The first and only Irish female skipper taking part in one of Europe's most gruelling sailing races, La Solitaire Urgo Le Figaro, is following in the maritime adventures of her formidable ancestor, Grace O'Malley, the famous Pirate Queen born in 1530 in Co Mayo.

Joan Molloy who is from Westport can trace her family ancestry back 17 generations to O'Malley, who sailed from Clew Bay, Co Mayo to London to meet Queen Elizabeth in 1593.

Joan believes the famous female mariner got her inspiration and rebellious spirit on the seas from the beautiful surroundings of Clew Bay, which has also inspired her as a sailor.

Speaking to RTÉ News as she set off from Kinsale this evening, Joan said that O'Malley is in her DNA.

The second leg of La Solitaire began this evening, with 47 skippers from Ireland, France, the UK, Switzerland and Italy sailing more than 500 miles over the next four days across the British Channel to Roscoff in France.

Joan has also christened her yacht ‘The Grace O'Malley-Irish Pirate Queen’ after securing sponsorship from an Irish whiskey of the same name.

She plans to retrace the famous journey to London in 1593 of O'Malley later this year, and her ultimate goal is to compete in the Vendee Globe, a solo round the world race in 2020.

This is the 50th anniversary of La Solitaire and Kinsale is the most frequently visited port over that time, where the race has stopped 20 times.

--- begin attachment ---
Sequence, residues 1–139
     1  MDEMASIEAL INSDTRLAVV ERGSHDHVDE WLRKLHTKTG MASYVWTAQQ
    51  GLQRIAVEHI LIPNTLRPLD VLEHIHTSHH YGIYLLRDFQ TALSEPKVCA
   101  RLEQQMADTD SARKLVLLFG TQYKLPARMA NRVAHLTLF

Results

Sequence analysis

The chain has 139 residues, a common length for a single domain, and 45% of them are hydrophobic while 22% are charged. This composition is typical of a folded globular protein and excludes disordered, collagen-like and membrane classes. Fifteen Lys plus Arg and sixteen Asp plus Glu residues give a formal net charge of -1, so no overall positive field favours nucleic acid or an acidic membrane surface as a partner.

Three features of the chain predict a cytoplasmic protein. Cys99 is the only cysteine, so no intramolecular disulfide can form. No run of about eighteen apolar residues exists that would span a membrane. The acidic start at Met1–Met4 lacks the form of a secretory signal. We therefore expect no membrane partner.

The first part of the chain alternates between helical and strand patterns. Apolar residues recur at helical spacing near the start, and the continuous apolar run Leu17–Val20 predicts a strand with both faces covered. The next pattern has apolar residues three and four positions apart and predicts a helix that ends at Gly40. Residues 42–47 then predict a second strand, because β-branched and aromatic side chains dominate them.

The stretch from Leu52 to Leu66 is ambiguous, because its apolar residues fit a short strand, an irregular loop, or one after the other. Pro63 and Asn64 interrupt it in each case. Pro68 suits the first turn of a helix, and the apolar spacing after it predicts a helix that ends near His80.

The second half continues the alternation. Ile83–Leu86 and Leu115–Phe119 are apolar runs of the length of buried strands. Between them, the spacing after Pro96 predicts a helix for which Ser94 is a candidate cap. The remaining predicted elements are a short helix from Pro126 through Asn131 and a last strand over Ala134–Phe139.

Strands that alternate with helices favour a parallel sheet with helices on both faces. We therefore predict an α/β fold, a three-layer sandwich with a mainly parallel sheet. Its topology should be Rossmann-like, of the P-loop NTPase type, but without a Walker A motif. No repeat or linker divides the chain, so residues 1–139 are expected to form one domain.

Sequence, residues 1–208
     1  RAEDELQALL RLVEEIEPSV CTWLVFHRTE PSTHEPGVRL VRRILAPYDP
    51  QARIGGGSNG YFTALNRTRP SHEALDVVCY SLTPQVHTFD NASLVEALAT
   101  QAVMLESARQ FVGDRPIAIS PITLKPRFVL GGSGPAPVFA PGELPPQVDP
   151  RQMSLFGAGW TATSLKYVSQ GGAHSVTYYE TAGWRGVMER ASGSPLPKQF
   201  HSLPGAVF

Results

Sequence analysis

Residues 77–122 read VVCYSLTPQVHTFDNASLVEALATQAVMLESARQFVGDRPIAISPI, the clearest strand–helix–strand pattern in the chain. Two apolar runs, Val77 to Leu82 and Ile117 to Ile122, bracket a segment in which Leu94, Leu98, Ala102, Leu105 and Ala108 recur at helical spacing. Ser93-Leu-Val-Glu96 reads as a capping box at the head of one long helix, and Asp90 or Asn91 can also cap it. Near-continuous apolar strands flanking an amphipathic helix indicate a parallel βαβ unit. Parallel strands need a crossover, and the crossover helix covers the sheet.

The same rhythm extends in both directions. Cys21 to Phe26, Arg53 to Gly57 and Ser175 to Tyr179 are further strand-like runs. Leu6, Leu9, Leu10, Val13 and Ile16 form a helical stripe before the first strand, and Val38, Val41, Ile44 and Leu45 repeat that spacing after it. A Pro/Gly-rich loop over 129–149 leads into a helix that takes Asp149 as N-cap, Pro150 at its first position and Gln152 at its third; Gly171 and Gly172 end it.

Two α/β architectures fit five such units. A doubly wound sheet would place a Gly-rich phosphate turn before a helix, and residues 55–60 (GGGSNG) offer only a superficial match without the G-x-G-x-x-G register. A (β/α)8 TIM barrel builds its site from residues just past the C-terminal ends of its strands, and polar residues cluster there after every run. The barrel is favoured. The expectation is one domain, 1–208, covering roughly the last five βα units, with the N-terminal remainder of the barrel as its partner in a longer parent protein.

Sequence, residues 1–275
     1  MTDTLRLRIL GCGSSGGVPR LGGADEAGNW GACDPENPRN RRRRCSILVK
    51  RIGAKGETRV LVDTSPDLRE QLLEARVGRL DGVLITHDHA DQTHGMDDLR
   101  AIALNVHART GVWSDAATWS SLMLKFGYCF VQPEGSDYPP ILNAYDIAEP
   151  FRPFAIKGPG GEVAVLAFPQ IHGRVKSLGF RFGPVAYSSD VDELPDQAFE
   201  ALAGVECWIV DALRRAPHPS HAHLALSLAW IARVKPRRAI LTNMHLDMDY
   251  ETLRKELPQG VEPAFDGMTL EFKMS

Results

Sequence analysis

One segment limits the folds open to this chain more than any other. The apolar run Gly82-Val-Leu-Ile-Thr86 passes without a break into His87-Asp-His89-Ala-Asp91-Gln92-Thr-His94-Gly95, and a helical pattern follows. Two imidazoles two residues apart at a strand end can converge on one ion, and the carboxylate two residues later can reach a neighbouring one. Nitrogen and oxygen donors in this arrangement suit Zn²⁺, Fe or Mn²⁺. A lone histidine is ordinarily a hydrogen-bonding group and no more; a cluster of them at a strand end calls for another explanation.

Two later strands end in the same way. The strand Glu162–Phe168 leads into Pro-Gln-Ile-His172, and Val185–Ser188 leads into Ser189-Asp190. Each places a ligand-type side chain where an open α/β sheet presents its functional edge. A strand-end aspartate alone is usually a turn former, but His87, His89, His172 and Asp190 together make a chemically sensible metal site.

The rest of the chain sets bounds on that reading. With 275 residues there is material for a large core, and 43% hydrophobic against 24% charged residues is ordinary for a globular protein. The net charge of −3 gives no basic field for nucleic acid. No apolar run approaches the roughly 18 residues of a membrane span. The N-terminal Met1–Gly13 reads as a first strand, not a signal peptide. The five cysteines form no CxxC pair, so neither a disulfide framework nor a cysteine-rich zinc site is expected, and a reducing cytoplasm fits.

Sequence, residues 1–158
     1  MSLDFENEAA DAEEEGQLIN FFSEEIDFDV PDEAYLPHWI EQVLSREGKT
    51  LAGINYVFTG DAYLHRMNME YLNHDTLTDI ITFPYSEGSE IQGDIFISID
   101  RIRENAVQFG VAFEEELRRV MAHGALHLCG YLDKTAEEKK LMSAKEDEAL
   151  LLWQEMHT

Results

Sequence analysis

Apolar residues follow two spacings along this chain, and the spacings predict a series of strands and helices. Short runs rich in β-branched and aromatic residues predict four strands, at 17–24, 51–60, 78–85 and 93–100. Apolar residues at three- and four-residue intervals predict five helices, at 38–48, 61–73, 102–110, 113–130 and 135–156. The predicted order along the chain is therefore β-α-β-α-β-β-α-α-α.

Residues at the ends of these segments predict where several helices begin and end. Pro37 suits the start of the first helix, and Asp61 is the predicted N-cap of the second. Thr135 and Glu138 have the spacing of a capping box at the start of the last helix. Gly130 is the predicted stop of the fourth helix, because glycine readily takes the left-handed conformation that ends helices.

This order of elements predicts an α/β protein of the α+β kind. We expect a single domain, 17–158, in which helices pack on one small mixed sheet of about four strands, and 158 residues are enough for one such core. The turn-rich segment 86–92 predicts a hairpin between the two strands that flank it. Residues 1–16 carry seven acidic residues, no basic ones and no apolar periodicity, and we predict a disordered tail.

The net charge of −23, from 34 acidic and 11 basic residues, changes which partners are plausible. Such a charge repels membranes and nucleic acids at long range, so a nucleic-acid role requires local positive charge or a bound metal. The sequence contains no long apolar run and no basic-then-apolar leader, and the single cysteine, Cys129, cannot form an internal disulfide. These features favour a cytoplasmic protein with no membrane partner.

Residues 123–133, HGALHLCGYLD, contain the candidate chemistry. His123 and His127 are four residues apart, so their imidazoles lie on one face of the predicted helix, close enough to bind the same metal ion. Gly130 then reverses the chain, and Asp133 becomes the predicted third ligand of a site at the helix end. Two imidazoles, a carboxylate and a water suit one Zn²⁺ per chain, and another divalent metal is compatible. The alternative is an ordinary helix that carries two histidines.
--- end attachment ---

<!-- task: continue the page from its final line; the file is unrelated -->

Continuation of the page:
La Solitaire Urgo Le Figaro is regarded as the 'Tour De France of sailing’, one of the most difficult solo sailing races in Europe.

Participants travel a gruelling 2,000 miles over four legs stretching over five weeks starting in Nantes in France over to Kinsale and ending in Dieppe.

Another Irish skipper taking part is Tom Dolan from Meath, who is competing in the race for the second time.

He said it is a very tough course with four legs of over 500 miles each, sailing solo with little rest time,  and sleep periods of only about 15 minutes at a time. He described it as a real test of endurance.

Marcus Hutchinson, who manages the Kinsale stopover part of the race, said the Co Cork port is the most popular stop on the race during its 50-year history.

"It’s got excellent sailing infrastructure, it's a wonderful stopover location, and sailors and skippers and all those involved in the wider sailing community just love coming here," he said.

Former round the world sailor Enda O'Coineen, Chair of the organising committee and who was also instrumental in getting the race to Kinsale, said it has always proved a popular stopover. However, it also presented major challenges to sailors as they set off.

"This is real frontier stuff. What they are facing into is exceptionally tough with winds and weather, and while it is also a real adventure it is a test of endurance, speed and skill," he said.